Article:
Have a great week and happy learning!


Brain World Magazine. (n.d.). Retrieved from Brain World Magazine:

Miller, A. (2005). Brain-Based Learning With Technological Support. In P. Kommers, & G. Richards (Ed.), Proceedings of World Conference on Educational Media and Technology 2005 (pp. 2486-2491). Association for the Advancement of Computing in Education (AACE). Retrieved May 16, 2015, from the Walden Library Databases

Schraw, G., & McCrudden, M. (2013, July 12). Information Processing Theory. Retrieved May 18, 2015, from


3 thoughts on “Neuroscience and Information Processing

  1. I also agree that the traditional approach to learning in a formal classroom, reading assignments, lectures, and homework assignments are ineffective. Before the emergence of new technologies to promote more interactive modes of instruction there might have been few alternatives to lecture based instruction, but surely that cannot be used as an excuse now.Yet, many classrooms are still conforming to the lecture based learning environment. Why do you think this method persists despite evidence that it is not effective? Here are some of my thoughts.
    I was a guest lecturer at a large university and observed that many of the classrooms were designed to hold 50 to 150 students with stadium style seating. In such an environment, it is hard to imagine active learning (I know I often slept in that type of class as a student).
    Also, I think it is easier on the surface to rehash the same lectures every term. I have even heard of a professor who still uses his old slides.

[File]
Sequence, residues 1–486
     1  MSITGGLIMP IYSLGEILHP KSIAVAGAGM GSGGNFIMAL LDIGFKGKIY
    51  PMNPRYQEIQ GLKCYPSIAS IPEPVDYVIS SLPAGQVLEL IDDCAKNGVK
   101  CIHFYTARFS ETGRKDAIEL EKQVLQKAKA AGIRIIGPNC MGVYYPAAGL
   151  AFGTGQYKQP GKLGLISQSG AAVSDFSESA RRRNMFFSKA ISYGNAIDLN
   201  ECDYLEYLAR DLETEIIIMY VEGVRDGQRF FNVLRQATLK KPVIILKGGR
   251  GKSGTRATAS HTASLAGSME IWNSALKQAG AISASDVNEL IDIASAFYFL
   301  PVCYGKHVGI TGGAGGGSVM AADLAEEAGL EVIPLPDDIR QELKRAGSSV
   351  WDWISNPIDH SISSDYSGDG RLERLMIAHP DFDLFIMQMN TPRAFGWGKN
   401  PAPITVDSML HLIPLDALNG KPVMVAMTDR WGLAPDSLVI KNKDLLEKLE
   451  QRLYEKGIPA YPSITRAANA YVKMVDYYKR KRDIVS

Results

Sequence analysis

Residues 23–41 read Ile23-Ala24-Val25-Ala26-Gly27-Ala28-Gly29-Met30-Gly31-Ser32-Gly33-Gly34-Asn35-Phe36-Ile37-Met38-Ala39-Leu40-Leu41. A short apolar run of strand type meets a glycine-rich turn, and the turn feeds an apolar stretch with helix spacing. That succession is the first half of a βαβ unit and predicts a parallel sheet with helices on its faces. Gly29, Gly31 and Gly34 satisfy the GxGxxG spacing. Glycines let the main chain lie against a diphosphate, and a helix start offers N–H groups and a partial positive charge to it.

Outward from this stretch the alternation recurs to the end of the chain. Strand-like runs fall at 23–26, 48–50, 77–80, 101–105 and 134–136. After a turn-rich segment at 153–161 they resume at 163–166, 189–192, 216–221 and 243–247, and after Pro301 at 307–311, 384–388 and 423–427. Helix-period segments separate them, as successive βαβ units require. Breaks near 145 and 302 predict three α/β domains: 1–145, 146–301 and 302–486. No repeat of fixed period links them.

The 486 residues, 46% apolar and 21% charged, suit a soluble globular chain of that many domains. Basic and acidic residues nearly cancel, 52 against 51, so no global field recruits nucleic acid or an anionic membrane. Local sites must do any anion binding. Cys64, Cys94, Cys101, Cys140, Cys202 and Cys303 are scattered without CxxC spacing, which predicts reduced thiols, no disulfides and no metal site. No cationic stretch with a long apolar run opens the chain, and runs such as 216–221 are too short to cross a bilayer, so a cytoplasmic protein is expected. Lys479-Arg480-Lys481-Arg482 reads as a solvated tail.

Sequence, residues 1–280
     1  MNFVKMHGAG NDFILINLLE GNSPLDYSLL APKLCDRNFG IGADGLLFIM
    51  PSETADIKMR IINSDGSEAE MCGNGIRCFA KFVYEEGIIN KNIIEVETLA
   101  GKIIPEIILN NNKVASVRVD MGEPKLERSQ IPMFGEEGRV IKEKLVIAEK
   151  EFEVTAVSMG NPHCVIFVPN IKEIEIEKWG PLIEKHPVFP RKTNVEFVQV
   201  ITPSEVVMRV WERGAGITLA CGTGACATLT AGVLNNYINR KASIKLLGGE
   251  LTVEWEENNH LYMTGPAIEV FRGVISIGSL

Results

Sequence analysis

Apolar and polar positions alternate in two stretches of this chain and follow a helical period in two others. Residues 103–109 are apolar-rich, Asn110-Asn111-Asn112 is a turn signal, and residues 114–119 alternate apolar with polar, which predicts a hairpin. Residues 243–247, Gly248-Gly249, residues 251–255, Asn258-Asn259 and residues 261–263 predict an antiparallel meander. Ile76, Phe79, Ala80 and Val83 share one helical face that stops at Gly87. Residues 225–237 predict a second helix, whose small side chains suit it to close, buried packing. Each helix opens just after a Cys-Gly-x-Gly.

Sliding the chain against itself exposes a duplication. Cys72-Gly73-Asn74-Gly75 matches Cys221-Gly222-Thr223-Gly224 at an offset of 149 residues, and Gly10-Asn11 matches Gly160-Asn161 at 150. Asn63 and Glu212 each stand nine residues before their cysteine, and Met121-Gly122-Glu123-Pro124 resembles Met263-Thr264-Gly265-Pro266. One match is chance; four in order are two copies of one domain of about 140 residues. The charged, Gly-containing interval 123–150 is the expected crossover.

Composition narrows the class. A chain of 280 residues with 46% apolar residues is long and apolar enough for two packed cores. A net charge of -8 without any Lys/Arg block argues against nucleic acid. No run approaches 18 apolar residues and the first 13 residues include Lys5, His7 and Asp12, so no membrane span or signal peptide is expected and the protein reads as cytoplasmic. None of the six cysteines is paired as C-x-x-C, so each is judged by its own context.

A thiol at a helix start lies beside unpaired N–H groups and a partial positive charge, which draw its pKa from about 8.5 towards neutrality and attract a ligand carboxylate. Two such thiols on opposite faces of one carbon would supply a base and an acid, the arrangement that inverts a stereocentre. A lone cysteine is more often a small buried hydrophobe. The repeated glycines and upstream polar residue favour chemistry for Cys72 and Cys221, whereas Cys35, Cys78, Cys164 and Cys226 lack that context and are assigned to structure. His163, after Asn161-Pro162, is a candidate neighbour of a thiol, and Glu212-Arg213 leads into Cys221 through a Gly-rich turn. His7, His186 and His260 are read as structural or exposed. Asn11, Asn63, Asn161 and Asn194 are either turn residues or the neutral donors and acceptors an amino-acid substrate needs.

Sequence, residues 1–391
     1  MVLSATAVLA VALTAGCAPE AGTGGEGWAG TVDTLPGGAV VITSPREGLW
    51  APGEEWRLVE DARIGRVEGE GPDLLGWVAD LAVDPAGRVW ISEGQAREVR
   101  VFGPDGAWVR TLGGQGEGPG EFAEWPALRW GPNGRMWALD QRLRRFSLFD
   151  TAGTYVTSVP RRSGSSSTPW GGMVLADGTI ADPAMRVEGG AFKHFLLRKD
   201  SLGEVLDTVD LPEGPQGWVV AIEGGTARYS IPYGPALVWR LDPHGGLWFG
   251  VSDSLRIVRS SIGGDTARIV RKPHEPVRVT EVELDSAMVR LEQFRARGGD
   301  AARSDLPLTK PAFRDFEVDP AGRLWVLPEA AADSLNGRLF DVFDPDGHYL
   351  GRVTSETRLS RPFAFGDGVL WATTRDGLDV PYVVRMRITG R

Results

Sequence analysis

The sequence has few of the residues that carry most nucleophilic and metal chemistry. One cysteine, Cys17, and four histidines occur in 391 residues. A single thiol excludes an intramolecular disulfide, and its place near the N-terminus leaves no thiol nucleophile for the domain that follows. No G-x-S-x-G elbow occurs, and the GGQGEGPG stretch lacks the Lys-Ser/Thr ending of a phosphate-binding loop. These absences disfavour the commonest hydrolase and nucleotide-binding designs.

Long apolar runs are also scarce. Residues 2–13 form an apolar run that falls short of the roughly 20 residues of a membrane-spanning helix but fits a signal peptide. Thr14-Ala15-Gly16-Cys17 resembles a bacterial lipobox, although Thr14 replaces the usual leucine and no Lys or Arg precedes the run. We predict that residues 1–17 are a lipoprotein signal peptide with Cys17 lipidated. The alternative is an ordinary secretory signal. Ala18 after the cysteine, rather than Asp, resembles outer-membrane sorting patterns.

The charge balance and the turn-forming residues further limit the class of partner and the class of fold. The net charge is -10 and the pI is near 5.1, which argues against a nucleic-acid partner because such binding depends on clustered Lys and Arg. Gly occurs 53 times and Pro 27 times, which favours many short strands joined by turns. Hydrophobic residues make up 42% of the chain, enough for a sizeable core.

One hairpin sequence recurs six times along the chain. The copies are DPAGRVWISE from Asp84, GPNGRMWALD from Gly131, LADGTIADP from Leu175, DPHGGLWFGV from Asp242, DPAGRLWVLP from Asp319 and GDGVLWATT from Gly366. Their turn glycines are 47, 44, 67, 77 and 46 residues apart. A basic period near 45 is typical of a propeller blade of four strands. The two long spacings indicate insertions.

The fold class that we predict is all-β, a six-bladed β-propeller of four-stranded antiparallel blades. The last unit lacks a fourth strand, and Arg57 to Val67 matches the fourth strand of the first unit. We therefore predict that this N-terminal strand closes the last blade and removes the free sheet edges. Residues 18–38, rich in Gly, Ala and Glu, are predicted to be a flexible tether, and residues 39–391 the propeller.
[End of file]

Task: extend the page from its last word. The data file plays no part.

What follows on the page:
Finally, Technology Acceptance Theory or TAM may help to explain the persistence of lectures in classrooms.

    What are your thoughts?


    • Thanks for the question!

      I believe many times the insistence to teach using these older methods stem from the fact that the teacher is uncomfortable with utilizing other methods and sadly, in my experience, sometimes they really don’t understand the topic enough themselves to venture in the unknown. A collegue of mine who teaches mathematics told me of an encounter he had with a student. The student was distressed, he was just getting to understand simultaneous equations and truly thought he had the concept. Went to school got a problem wrong and couldn’t figure out what he did wrong. It turns out the student did nothing wrong, his answer was actually correct. Unfortunately, the teacher copied the answer from a book that actually had the wrong answer. The teacher herself had no clue it was wrong and insisted the answer was correct. I don’t see this teacher taking on guided discovery, she would have no clue what to do if something goes wrong. In fact she might not even know it went wrong.

      Research such as Miller’s hopefully will help to prepare more teachers to step out and seek new ways to engage their students. Sadly, there is no “cure” for those who are earning a pay check but are not truly masters of their subject area.


  2. Learning centers have long been used within modern classrooms, Dr. Miller fresh approach to how it can be used is quite interesting. Most learning centers that I have come across are mainly used for displaying information as oppose to from a constructive pointed of view.